Thanks for sharing your experiences. It sounds like the kids had just enough challenge. I like the idea of making sure that the kids have the context for how to apply the lessons on storage and processing.


I teach at a high school in SLC, Utah. My class is very diverse in that we have multiple languages in the class, English is not the native language of 95% of my students, I have pretty close to 50/50 boy, girl ratio and the class is a good representation of students from the entire school ranging from grades 9-12. Our class period is 90 minutes every other day.

Definitely use the video GT made as a resource for yourself to understand the activity and for students to see someone trying it out.

Be thoughtful with pairing students so that you have students who have played with cards before an know their value - otherwise, establish what each card is worth as you do the activity.

It is ok to let the students struggle a little as they figure out the storage spots. This is where you can walk around and gain some understanding about students thinking process of computers, storage, input/output and if necessary do a great wrap up of what concepts were covered and where you saw that in the curriculum.


@nicole Good teaching tip about making sure students know the “value” of cards. We will add that to the lesson in the future!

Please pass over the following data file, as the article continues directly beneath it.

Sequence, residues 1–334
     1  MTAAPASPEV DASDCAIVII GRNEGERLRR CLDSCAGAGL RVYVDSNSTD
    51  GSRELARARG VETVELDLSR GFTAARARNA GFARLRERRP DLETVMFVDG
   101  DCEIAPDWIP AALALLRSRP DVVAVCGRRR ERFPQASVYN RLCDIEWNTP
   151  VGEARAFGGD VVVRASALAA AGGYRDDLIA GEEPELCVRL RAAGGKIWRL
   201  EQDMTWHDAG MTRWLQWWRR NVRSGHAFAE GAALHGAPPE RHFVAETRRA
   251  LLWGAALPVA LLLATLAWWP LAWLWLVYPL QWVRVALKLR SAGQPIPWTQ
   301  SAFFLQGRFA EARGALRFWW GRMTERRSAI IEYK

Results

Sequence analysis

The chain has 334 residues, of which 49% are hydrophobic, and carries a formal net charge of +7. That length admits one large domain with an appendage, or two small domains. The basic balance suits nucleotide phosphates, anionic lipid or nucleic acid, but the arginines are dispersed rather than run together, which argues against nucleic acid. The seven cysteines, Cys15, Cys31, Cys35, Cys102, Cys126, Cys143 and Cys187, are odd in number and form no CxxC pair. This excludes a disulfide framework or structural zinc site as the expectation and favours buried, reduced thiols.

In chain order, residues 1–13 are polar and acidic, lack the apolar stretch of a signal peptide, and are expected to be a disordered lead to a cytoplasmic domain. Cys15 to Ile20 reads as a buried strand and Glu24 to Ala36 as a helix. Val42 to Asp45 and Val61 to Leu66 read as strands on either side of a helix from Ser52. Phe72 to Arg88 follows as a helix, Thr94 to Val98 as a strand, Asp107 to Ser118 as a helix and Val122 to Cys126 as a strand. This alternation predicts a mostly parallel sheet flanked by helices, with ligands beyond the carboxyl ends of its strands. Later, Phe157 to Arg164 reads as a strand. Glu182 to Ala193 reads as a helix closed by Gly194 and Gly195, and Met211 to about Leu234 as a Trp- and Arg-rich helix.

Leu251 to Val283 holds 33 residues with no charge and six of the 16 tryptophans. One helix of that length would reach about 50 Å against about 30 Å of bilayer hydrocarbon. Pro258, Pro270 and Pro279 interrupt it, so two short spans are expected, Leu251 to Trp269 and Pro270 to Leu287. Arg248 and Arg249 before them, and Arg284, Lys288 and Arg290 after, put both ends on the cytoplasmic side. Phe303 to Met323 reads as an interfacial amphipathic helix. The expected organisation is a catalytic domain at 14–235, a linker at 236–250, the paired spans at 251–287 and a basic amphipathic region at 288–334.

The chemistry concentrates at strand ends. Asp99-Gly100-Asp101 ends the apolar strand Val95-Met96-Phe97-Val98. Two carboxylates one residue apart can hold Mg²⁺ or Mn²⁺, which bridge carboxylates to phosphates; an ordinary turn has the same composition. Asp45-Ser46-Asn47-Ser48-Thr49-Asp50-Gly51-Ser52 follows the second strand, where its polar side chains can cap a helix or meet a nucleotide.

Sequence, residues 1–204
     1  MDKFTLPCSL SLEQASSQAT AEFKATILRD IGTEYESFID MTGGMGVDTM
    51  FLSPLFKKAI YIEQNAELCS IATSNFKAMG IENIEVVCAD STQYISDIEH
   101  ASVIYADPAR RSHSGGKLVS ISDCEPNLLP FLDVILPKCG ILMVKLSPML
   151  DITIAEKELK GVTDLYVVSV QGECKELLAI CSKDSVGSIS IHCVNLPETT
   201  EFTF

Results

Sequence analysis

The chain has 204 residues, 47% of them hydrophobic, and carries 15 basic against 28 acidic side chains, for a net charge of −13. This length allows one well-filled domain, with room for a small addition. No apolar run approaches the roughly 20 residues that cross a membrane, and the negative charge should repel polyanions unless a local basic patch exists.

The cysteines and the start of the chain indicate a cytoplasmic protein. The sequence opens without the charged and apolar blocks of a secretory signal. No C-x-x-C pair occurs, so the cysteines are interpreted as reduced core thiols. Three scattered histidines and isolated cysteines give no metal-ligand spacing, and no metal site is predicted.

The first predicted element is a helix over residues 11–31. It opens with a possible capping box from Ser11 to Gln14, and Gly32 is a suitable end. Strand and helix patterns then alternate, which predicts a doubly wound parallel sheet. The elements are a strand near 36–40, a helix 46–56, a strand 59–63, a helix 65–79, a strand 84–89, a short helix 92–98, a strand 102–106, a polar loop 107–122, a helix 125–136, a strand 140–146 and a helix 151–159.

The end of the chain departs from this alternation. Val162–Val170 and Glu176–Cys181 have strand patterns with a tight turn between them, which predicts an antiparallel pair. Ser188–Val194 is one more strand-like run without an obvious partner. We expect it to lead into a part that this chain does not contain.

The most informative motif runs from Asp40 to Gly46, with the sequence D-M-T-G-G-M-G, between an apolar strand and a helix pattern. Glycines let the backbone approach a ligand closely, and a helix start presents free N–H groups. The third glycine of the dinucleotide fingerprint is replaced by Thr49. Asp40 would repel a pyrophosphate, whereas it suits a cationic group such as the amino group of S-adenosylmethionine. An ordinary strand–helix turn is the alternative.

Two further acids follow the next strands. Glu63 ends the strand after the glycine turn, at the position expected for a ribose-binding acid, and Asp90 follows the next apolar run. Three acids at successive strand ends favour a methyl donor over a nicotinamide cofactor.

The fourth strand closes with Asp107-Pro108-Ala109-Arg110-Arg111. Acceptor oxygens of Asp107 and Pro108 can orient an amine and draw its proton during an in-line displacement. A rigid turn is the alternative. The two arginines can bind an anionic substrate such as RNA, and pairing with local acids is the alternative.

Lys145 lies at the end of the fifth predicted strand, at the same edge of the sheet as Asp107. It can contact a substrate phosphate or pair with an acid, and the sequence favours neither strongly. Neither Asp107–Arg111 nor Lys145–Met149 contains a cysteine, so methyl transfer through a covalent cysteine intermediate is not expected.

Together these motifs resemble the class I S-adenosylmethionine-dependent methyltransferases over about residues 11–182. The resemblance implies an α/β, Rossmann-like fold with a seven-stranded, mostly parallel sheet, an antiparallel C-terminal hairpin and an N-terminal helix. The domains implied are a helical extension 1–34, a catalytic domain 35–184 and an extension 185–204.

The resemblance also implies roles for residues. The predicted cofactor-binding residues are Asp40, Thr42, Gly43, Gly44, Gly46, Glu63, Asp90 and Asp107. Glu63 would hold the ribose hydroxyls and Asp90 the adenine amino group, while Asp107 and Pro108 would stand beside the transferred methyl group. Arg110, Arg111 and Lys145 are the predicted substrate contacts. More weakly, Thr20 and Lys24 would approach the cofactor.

I teach 7th graders in a suburban, mostly white, English speaking middle school.

I taught this lesson on the heels of the original lesson 7. GT had gone over it in our weekly call, which really helped me to better understand the lesson goal and how the activities helped to get us there. I did a short demonstration of the activity and I made a couple of card value cheat sheets for those students with little experience with playing cards and made sure that everyone considered aces high so there was some continuity. I told my students that they were essentially working independently to do the challenges, but that they had a partner to work through the algorithms. I really had to push my students to write thorough algorithms. This irritated them, but they did it. :slight_smile:
My students grasped challenges 1 & 2 fairly quickly, but did struggle with challenge 3 & 4. It was good to watch their thinking. Many times students would have an “AHA” moment and call me over just to tell me they had figured it out when really they hadn’t. They had only gotten lucky and when asked to reproduce their results they couldn’t. This was a great lesson in persistence. I eventually had to coach a few students through challenge 4 because they were simply running out of time and problem solving patience. I didn’t want them to get lost in the single challenge and lose the point of the overall lesson. All in all, I would use this activity again with very few changes.


Hi Elizabeth,

Great idea for the cheat sheets for the card values. I’m so glad your kids are getting that persistence. What changes would you make for next time?


The activity was successful introducing the idea of running memory or temporary storage.

My students pointed out to me that we were breaking the rules by handling more than one card at the time.
Our conversation let us to make the possible solution of stacking the cards instead of eliminating them, which later on I found out is a misconception.
In the future I will reword the rules so that it is emphasized that the safe spots can only contain one card (rule 7) and give less importance to how the card gets there (rules 1 and 2)


Excellent point @pedro_uribe we’ll be updating the activity to reflect those changes!